William Flew James Watt
March 24, 2011 § Leave a comment
The chaotic attic workshop of James Watt, the Scottish inventor who made the Industrial Revolution possible, has been painstakingly restored, reassembled and opened to the public on the ground floor of the Science Museum in London.
It reveals the extraordinary breadth of interests of an extraordinary man.
Watt, although his face will appear on the £50 note this year, is not now as revered as he was by the Victorians, to whom he was a national hero like Shakespeare, Newton and Nelson.
Ben Russell, the museum’s curator of mechanical engineering, said yesterday that he was “a potter, a sculptor and a chemist but most importantly, he was a scientific entrepreneur. He becomes really good at taking a scientific idea and saying — hey, we can do something with that.”
His most important insight was to realise the potential of the Newcomen pump, an inefficient primitive steam engine, that was designed in 1712. Watt spent ten years wrestling with how to improve it and his eventual solution, which involved adding a separate cylinder to condense the steam produced, transformed his and Britain’s economic fortunes between 1774 — when the first new Watt engine was built — and his death in 1819.
With his new engines, steam could be used everywhere to boost output in mines, breweries, potteries and textile mills. Within a single generation the engines built by Watt and his backer Matthew Boulton reshaped the country, clustering around the Midlands, Lancashire and the North East in areas that today are often defined by their industrial heritage. When Watt died, the garret of his Birmingham house, where he conducted experiments amid a welter of significant objects accrued over a lifetime, was locked and its contents preserved as an “industrial shrine.”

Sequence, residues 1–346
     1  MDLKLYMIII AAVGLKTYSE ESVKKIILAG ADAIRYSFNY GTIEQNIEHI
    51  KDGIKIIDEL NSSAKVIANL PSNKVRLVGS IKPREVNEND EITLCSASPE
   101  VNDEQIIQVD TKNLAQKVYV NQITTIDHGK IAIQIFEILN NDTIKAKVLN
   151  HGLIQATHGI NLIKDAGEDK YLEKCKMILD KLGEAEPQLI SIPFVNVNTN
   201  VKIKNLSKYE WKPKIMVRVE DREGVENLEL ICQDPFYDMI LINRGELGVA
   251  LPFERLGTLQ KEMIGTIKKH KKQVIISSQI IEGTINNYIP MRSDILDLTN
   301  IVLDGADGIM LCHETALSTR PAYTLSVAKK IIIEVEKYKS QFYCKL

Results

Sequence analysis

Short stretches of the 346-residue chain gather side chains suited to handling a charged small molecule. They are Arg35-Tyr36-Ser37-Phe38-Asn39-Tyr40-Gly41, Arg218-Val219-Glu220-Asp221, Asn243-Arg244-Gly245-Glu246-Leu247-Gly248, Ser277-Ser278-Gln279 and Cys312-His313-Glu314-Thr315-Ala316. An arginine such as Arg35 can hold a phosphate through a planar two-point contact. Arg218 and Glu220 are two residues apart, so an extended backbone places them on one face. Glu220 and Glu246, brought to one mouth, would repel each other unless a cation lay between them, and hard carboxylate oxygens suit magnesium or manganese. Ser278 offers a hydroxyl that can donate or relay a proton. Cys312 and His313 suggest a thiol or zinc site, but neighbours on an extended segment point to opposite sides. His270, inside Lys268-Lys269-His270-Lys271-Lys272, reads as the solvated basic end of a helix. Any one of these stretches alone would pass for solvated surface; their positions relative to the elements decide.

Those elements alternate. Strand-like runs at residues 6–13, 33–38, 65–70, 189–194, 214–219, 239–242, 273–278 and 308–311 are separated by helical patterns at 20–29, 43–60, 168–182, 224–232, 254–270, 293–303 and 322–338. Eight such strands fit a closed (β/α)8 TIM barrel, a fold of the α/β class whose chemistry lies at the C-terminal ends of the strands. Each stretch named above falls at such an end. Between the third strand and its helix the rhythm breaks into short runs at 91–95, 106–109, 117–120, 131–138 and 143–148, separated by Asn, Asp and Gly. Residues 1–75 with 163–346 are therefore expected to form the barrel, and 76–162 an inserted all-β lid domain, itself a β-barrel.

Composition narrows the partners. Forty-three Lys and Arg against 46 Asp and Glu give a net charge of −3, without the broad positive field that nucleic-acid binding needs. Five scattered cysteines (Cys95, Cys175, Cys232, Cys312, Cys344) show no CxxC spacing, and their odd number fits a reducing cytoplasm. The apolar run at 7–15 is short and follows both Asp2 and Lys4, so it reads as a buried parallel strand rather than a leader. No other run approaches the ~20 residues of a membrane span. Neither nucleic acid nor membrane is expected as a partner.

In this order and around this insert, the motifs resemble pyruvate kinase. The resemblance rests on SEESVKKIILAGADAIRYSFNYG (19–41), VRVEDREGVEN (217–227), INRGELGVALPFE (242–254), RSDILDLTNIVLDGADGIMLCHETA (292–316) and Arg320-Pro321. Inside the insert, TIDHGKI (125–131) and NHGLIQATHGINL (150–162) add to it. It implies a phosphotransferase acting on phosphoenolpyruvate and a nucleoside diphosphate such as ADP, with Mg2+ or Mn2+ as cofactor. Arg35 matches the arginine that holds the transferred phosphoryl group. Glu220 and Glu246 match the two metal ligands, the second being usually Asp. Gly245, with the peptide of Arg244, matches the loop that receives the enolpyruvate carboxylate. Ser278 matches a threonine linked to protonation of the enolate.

In 1924, the entire workshop, including its door, window, skylight, floorboards and 8,434 objects used or created by Watt, was transported to the Science Museum. There it became one of the least illuminating displays in any of our national museums, with visitors peering through a window into the dim and confusing interior at a lot of wood, black steel, cogs, balances, chains and dusty boxes.
The revamped display has opened one side up so that visitors can walk in and see the contents properly for the first time.
They include the world’s oldest circular saw, parts for flutes and violins, two crates of fossils, a forerunner of the photocopier, moulds for copying statues, the first device used to mint and standardise the size of coins, navigational instruments, pigments, experimental glazes and the oldest surviving pieces of sandpaper.
However, perhaps the most significant items are unremarkable to look at and out of sight in a box beneath a pile of 200-year-old papers that look like discarded rags: a collection of valves and engine parts from Watt’s earliest experiments with the steam engine.
Andrew Nahum, the principal curator of technology and engineering at the museum, said yesterday that Watt ushered in changes “as profound as the changes that we have experienced with IT in our lifetimes”.
Mr Russell added that Watt’s defining contribution to the world was to make man independent of nature for the first time.
“Before steam comes along we can only use wind, water or muscle power. The steam engine helps people move outside the constraints of muscle power so that rather than saying ‘There’s no wind, we can’t do anything’ we can say ‘To hell with it. Fire up the boilers and away we go.’ ”